Florida coronavirus: Where are masks still required in Tampa Bay as holidays approach?


TAMPA, Fla. (WFLA) – For months at the start of the coronavirus pandemic, many Florida counties required masks for those going into stores and restaurants. But since Gov. Ron DeSantis reopened the state over the summer, many cities and counties have relaxed their mask requirements.

Florida is one of 12 states that have partial mandates on wearing face masks. All other states require face masks, except for South Dakota which has no face mask requirements.

DeSantis has repeatedly said there are no plans to issue a statewide mask mandate, but some cities and counties are still bracing for the holiday season and expecting many people to forget about social distancing guidelines.

So which local governments are still enforcing face mask policy ahead of a busy season?

Five Florida mayors, including St. Petersburg Mayor Rick Kriseman met Wednesday to urge DeSantis to change his approach on the pandemic ahead of the holiday season.

“We are concerned. The numbers are moving in the wrong direction,” Kriseman said earlier in the week. “While reports we get as far as hospitalizations aren’t at a point where our hospitals are being stretched thin — if our numbers continue to climb, I don’t think that situation isn’t going to remain.”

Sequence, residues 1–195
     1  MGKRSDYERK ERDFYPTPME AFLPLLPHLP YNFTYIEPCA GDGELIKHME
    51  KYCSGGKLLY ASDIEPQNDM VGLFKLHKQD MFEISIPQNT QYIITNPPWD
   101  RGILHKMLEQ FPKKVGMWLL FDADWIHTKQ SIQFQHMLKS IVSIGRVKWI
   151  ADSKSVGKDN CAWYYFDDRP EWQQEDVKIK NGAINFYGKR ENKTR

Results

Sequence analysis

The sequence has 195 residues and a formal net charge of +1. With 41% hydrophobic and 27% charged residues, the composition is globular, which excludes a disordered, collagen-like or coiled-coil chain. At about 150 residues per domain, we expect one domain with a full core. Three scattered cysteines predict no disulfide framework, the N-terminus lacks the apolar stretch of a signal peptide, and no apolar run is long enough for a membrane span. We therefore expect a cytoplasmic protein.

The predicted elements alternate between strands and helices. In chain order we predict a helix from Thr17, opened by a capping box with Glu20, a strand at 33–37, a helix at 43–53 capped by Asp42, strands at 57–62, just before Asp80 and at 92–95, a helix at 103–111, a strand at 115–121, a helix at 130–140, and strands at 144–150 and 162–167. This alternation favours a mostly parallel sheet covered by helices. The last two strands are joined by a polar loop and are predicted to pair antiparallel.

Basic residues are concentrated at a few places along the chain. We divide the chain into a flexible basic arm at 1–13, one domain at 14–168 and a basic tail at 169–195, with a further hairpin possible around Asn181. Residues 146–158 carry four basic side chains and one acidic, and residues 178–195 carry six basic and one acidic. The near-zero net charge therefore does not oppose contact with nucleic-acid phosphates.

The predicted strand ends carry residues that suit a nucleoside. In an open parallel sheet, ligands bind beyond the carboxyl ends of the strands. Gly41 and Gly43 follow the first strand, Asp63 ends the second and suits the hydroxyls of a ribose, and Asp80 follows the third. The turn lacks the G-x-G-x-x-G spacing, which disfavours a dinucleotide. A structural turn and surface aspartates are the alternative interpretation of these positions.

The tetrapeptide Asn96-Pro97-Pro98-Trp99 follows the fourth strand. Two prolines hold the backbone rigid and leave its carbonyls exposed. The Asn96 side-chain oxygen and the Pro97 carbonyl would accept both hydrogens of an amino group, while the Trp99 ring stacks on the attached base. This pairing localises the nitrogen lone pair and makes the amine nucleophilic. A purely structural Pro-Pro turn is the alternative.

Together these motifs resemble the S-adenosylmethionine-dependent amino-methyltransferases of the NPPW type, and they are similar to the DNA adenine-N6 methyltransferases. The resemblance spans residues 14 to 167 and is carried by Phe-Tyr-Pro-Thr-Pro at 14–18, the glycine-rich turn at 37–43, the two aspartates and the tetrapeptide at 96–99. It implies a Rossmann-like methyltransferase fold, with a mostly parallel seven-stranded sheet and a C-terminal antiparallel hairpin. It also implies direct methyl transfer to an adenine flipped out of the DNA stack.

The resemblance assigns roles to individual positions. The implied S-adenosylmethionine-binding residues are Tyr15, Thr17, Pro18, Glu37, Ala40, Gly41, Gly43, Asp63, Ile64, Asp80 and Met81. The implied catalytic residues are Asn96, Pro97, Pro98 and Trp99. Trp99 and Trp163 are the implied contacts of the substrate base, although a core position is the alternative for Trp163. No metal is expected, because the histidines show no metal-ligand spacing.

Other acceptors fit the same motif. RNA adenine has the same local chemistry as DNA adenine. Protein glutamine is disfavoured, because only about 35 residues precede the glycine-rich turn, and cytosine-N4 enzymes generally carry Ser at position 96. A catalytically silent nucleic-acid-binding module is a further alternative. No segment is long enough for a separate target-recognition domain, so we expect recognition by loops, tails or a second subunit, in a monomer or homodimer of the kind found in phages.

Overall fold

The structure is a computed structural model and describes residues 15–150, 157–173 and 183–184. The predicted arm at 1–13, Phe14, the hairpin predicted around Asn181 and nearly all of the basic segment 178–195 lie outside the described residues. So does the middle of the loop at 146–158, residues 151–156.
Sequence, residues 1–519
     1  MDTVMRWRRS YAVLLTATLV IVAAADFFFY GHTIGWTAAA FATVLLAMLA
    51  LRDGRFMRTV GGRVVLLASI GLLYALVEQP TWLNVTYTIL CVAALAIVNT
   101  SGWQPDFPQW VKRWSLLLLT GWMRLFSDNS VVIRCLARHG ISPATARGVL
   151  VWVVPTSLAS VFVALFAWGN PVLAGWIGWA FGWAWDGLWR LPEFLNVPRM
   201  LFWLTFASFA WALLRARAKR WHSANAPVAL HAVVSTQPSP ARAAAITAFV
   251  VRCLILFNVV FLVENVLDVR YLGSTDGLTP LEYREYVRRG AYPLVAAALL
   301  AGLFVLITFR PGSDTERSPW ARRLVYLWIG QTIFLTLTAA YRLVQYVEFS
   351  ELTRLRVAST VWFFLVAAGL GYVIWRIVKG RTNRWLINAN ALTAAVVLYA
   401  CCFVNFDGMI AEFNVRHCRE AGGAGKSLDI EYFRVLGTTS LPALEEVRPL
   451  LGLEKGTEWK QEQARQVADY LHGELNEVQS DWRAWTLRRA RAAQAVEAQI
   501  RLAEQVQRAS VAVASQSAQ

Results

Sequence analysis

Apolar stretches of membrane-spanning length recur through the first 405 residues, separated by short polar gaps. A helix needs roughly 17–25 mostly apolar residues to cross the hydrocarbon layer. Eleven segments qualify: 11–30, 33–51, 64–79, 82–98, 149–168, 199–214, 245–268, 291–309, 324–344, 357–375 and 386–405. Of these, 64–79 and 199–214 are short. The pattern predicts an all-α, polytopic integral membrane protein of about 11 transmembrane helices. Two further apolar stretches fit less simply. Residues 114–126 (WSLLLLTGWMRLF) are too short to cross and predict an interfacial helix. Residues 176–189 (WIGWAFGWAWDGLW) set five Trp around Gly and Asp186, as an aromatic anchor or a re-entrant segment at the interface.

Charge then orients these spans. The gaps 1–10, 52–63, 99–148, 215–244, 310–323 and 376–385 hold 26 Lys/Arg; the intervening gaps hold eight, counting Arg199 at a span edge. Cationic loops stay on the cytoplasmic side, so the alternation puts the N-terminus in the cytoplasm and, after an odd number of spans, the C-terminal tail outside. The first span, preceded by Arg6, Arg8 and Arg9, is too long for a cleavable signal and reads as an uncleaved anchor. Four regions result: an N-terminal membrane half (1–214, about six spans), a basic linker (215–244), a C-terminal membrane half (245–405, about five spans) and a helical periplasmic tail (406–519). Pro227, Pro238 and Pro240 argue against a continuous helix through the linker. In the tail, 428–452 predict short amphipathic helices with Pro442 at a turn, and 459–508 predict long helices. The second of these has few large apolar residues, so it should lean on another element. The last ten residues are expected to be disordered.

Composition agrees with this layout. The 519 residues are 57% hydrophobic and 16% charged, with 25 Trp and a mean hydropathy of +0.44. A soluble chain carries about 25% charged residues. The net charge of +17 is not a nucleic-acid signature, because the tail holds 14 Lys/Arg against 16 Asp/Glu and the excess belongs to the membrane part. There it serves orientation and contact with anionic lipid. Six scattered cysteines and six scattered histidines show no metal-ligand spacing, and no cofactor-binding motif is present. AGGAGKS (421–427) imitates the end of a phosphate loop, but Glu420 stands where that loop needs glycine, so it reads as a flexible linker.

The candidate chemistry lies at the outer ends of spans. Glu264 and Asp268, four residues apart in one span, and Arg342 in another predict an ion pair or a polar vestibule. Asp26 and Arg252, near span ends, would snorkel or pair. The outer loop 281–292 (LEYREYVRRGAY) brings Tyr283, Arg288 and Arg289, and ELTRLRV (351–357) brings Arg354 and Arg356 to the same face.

More than 7,000 new cases were reported in Florida as the state closed in on 900,000 total cases since spring. Meanwhile, local and federal public health experts continued to stress the importance of wearing a mask and social distancing.

The Centers for Disease Control and Prevention continues to encourage small gatherings and the use of masks in its Thanksgiving guidelines. The CDC recommends these suggestions for a safe Thanksgiving:

  • Wear a mask with two or more layers to stop the spread of COVID-19 and store it when you’re eating or drinking.
  • Stay at least 6 feet away from others who do not live with you.
  • Keep hand sanitizer with at least 60% alcohol available and use it when you are unable to wash your hands.
  • Bring your own food, drinks, plates, cups, and utensils.
  • Avoid going in and out of the areas where food is being prepared or handled, such as in the kitchen.
  • Use single-use options, like salad dressing and condiment packets, and disposable items like food containers, plates, and utensils.

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